He reiterated his desire to finish his career as a Red when speaking to Fay on Saturday.

"I told the Reds and the whole world this is where I want to be," Phillips said. "If it doesn't happen, I'm going to be very, very disappointed. I feel like I've made this a second home. I bought a house here. This is where I want to be, man. The fans just took me in. I feel like I need to stay here and give back.

"Hopefully, it happens. If it doesn't happen this year, I feel in my head and my heart, it's not going to happen."

Phillips has not only made himself a fan favorite through his use of Twitter, but has also donated enough money to help rebuild a local youth baseball field through the Reds Community Fund. He's backed his talk up with actions off the field, to be sure.

Atlanta signed second baseman Dan Uggla to a five-year, $62 million deal this past offseason. Uggla has more power than Phillips, but Phillips is a better all-around player. Philips won his second Gold Glove last season and has been even better defensively this year. His batting average and on-base percentage are about the same as they were a year ago -- and better than his career averages -- but his slugging percentage has taken a dip, as he's hitting .280/.338/.387 this season with five home runs. He hit 30 homers in 2007 and his home run numbers have dropped each season since. 

Phillips will be 30 later this month, so any extension will take that into consideration.

Last year the Reds showed they are willing to pick up a questionable high-priced option when they picked up Bronson Arroyo's $11.5 million option before spinning that into a three-year, $35 million extension.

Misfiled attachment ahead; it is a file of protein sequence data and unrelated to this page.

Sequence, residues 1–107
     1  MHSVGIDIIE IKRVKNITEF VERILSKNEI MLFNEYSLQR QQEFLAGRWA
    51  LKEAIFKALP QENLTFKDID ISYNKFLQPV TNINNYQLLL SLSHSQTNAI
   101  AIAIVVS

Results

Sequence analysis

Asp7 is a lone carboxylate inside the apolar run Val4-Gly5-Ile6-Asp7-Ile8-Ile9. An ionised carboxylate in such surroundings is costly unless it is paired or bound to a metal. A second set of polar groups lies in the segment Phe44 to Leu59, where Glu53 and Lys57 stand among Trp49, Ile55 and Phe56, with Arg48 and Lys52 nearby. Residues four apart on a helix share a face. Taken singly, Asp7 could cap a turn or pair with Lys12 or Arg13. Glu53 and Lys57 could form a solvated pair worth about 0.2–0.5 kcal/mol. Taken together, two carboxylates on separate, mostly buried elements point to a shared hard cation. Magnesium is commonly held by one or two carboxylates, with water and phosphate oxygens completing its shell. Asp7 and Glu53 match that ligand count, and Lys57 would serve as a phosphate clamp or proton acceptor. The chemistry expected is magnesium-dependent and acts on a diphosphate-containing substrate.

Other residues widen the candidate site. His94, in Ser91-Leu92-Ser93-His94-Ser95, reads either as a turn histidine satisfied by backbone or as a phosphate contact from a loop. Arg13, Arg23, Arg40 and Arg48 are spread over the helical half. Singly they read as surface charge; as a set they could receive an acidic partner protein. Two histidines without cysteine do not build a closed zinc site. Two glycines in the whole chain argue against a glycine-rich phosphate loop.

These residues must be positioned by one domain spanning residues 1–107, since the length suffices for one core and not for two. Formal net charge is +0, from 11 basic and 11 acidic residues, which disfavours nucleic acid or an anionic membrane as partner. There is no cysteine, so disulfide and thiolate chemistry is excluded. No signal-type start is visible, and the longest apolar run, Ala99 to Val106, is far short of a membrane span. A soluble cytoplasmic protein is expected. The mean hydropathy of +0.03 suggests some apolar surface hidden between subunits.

Phillips will probably be looking for something similar, although he's possibly worth more.

Uggla's contract will be one comparison, but the Reds could point to Rickie Weeks, who signed a four-year, $38.5 million extension heading into this season. Weeks has outperformed Phillips at the plate this season (although, Phillips is much, much better defensively). Phillips has also been much more durable than Weeks, who has played more than 130 games just once in his career, while Phillips has played at least 140 games in every season since coming to the Reds in 2006.

Phillips has the second-highest salary in the game for a second baseman, trailing only Chase Utley.

The Reds' payroll is at $80 million this season -- but they have Francisco Cordero's $12.125 million coming off the books after this season. The team also has raises coming to Arroyo, Joey Votto, Johnny Cueto and Jay Bruce. Votto's signed through 2013, his last season before he's eligible for free agency. He gets a $4 million raise for 2012 and $7.5 million raise to $19 million in 2013. Bruce also has an increased salary for each of the next five seasons.

Reds owner Bob Castellini has said he could afford to keep the core of his team only if the team's attendance picked up after their National League Central run of a season ago. So far this season, the Reds are averaging 24,230 fans a game at Great American Ball Park, which is actually down from last season's average of 25,438. The average should increase as school lets out for the summer, but if there's a big enough increase in attendance for Castellini to keep his word is still to be seen.